Wednesday, August 31, 2005

fear factor

One of the sessions I attended was titled "In Your Face: Teaching and Learning About Poverty" lead by a dynamic leader who was definitely in your face. In this way, he helped the group come to the following conclusions about hunger education:

  • When we try and educate about hunger, we face the fear factor - the brain’s natural defense mechanism to tag unpleasant information as fearsome or dangerous and our natural instinct of flight, fight or freeze in face of that danger.

  • Most hunger education programs are tame. They tell stories about what we’re doing and making us feel better to keep the money flowing, but in fact the money alone is not enough.

  • The more we study hunger, the harder it is to do something about. Instead do something first, and then figure it out.

  • Give people the opportunity to participate by modeling and inviting to work with you.

  • If we are honest with ourselves, there is hunger because of us. We need to stop thinking of hunger as a problem out there. It is a by-product we cause by our consumption and waste patterns.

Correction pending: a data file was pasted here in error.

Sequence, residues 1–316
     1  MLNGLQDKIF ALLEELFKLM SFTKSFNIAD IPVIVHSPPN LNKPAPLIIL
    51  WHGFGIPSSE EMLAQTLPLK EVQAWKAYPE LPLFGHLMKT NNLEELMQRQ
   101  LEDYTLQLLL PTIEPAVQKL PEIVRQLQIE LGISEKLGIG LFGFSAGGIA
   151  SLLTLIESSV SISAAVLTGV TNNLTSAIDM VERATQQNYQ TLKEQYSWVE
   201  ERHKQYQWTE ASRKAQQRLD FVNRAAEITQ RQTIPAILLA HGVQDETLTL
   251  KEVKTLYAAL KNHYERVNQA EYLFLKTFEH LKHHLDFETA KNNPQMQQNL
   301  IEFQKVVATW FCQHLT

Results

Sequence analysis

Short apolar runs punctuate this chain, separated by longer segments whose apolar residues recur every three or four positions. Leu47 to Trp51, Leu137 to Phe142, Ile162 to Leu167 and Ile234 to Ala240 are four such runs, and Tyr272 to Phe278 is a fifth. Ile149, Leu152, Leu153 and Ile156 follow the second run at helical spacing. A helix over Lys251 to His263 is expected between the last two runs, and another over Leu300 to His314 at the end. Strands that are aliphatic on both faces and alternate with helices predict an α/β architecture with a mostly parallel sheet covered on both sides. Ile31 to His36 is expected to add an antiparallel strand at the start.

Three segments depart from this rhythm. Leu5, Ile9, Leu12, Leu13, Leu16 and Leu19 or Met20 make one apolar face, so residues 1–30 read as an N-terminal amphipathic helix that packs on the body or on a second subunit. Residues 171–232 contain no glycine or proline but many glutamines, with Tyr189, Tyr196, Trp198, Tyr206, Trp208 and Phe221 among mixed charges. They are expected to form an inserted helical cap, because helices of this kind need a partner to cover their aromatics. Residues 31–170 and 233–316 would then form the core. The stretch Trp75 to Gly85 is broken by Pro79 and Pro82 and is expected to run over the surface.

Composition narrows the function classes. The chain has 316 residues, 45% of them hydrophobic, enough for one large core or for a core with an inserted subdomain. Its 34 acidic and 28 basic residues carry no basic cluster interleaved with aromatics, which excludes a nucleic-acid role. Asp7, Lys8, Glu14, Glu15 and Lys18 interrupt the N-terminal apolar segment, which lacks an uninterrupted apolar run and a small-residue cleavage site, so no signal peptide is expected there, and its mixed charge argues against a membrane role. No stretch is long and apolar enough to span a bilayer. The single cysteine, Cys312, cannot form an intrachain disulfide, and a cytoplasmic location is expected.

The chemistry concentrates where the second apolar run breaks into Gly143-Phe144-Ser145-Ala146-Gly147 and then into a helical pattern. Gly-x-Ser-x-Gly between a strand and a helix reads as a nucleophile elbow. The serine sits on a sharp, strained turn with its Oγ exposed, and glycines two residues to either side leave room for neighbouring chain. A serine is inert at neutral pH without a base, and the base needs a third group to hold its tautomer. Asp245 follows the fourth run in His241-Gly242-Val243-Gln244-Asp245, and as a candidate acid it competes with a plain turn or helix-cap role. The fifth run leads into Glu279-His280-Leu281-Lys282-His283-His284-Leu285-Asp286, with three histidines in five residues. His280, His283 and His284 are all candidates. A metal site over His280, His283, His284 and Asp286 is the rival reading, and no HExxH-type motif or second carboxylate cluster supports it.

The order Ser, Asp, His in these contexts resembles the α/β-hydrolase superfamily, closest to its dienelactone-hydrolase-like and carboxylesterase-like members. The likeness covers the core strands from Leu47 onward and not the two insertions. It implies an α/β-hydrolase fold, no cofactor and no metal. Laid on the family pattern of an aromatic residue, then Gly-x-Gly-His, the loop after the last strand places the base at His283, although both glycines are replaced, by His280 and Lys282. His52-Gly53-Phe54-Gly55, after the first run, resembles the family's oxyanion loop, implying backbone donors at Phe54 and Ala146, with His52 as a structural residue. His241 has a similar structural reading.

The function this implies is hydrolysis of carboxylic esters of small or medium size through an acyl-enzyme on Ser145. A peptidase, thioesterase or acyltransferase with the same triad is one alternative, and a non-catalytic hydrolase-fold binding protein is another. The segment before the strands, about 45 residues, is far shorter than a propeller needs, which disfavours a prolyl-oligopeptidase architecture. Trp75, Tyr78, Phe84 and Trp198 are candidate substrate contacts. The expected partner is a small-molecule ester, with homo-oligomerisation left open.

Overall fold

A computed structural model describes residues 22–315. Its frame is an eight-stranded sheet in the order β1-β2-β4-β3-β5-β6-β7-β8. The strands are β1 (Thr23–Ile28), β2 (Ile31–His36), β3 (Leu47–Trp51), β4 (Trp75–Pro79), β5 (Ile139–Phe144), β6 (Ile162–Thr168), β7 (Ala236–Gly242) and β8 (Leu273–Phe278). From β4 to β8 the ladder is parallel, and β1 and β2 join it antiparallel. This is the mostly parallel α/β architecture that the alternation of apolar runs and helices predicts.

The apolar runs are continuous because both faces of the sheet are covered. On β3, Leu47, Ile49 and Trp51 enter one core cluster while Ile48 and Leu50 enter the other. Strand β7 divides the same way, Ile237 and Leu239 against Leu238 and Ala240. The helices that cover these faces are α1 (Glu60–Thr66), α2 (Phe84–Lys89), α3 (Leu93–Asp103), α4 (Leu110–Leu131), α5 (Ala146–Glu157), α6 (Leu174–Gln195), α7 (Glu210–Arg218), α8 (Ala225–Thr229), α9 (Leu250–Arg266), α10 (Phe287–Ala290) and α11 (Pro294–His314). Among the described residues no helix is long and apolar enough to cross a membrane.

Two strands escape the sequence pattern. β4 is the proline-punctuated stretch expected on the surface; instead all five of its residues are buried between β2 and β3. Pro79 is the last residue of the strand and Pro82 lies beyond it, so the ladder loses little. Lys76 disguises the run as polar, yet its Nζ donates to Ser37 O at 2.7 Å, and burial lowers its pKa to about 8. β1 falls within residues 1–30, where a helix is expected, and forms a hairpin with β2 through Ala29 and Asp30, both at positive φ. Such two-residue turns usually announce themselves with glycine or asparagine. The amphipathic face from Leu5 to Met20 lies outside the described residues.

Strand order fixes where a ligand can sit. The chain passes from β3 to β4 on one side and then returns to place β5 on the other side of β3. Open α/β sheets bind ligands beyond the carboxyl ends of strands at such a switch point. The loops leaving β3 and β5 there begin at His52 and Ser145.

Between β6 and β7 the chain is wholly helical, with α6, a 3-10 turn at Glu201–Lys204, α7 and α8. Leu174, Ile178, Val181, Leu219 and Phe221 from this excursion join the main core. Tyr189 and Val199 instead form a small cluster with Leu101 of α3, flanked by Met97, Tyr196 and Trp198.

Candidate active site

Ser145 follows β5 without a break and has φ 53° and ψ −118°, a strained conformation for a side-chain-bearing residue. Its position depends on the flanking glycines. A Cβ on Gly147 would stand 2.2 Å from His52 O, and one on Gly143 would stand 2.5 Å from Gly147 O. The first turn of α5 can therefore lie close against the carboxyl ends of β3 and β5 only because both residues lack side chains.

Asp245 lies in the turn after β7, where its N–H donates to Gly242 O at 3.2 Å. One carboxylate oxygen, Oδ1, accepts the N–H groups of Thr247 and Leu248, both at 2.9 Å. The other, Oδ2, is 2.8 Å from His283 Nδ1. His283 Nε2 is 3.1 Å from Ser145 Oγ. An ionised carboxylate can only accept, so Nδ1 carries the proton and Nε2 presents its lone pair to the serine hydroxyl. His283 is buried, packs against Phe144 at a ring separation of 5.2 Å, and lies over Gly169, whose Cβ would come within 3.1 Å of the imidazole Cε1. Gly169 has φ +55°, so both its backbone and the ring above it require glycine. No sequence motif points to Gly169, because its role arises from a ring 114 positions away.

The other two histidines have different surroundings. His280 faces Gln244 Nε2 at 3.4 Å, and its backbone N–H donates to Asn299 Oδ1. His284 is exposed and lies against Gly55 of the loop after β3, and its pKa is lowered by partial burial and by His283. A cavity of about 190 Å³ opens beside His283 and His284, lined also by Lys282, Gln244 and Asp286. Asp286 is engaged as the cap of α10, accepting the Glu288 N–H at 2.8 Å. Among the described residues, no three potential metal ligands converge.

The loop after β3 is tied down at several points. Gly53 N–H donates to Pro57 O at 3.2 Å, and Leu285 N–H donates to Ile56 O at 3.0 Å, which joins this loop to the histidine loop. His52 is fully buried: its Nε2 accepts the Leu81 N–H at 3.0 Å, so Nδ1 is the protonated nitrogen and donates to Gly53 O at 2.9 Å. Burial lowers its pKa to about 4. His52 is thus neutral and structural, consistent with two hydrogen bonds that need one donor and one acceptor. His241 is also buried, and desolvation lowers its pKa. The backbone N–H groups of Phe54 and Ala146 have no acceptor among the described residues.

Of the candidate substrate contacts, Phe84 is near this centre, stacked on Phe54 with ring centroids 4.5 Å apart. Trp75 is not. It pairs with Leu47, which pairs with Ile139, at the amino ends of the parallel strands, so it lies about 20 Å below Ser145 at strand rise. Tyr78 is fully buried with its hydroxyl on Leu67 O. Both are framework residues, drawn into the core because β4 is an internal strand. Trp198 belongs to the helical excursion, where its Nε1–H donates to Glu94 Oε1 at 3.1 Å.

• Change doesn’t happen until faced with "death". That sounds pretty drastic, but someone else reminded me this week that change most often occurs after experiencing death, divorce, disease, destruction. Why wait?

We've all seen the man at the liquor store
beggin' for your change
The hair on his face is dirty, dread-locked,
and full of mange
He asks a man for what he could spare,
with shame in his eyes
"Get a job you fucking slob," is all he replies
God forbid you ever had to walk a mile in his shoes
'Cause then you really might know what it's like
to sing the blues
Then you really might know what it's like
Then you really might know what it's like
Then you really might know what's it like
to have to lose
- What It’s Like (Everlast)

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